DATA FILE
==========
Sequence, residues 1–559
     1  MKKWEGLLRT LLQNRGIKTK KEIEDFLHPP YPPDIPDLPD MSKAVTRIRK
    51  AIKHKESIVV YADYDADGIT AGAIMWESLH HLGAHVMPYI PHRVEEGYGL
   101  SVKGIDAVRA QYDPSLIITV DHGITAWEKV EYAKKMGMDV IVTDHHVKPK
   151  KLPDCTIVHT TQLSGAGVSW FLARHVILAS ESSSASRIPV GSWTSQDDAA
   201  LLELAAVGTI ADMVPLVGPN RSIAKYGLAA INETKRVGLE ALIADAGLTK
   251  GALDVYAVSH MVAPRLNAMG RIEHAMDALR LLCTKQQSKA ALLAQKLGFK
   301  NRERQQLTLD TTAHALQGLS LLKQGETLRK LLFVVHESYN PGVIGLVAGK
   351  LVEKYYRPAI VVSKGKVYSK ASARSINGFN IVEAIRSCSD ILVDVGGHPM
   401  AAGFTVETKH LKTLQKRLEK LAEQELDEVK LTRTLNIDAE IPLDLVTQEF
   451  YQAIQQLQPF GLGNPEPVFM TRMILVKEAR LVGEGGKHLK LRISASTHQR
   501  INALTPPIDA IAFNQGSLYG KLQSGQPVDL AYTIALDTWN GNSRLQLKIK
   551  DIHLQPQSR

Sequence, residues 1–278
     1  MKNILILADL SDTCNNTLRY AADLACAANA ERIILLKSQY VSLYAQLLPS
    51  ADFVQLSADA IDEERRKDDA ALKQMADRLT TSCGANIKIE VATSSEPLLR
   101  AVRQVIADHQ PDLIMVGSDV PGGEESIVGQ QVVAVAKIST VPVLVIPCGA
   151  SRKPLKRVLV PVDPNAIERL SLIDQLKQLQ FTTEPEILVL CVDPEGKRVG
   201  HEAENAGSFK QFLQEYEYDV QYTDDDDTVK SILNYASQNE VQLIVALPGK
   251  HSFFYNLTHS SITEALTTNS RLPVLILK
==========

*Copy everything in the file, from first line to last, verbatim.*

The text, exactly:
Sequence, residues 1–559
     1  MKKWEGLLRT LLQNRGIKTK KEIEDFLHPP YPPDIPDLPD MSKAVTRIRK
    51  AIKHKESIVV YADYDADGIT AGAIMWESLH HLGAHVMPYI PHRVEEGYGL
   101  SVKGIDAVRA QYDPSLIITV DHGITAWEKV EYAKKMGMDV IVTDHHVKPK
   151  KLPDCTIVHT TQLSGAGVSW FLARHVILAS ESSSASRIPV GSWTSQDDAA
   201  LLELAAVGTI ADMVPLVGPN RSIAKYGLAA INETKRVGLE ALIADAGLTK
   251  GALDVYAVSH MVAPRLNAMG RIEHAMDALR LLCTKQQSKA ALLAQKLGFK
   301  NRERQQLTLD TTAHALQGLS LLKQGETLRK LLFVVHESYN PGVIGLVAGK
   351  LVEKYYRPAI VVSKGKVYSK ASARSINGFN IVEAIRSCSD ILVDVGGHPM
   401  AAGFTVETKH LKTLQKRLEK LAEQELDEVK LTRTLNIDAE IPLDLVTQEF
   451  YQAIQQLQPF GLGNPEPVFM TRMILVKEAR LVGEGGKHLK LRISASTHQR
   501  INALTPPIDA IAFNQGSLYG KLQSGQPVDL AYTIALDTWN GNSRLQLKIK
   551  DIHLQPQSR

Sequence, residues 1–278
     1  MKNILILADL SDTCNNTLRY AADLACAANA ERIILLKSQY VSLYAQLLPS
    51  ADFVQLSADA IDEERRKDDA ALKQMADRLT TSCGANIKIE VATSSEPLLR
   101  AVRQVIADHQ PDLIMVGSDV PGGEESIVGQ QVVAVAKIST VPVLVIPCGA
   151  SRKPLKRVLV PVDPNAIERL SLIDQLKQLQ FTTEPEILVL CVDPEGKRVG
   201  HEAENAGSFK QFLQEYEYDV QYTDDDDTVK SILNYASQNE VQLIVALPGK
   251  HSFFYNLTHS SITEALTTNS RLPVLILK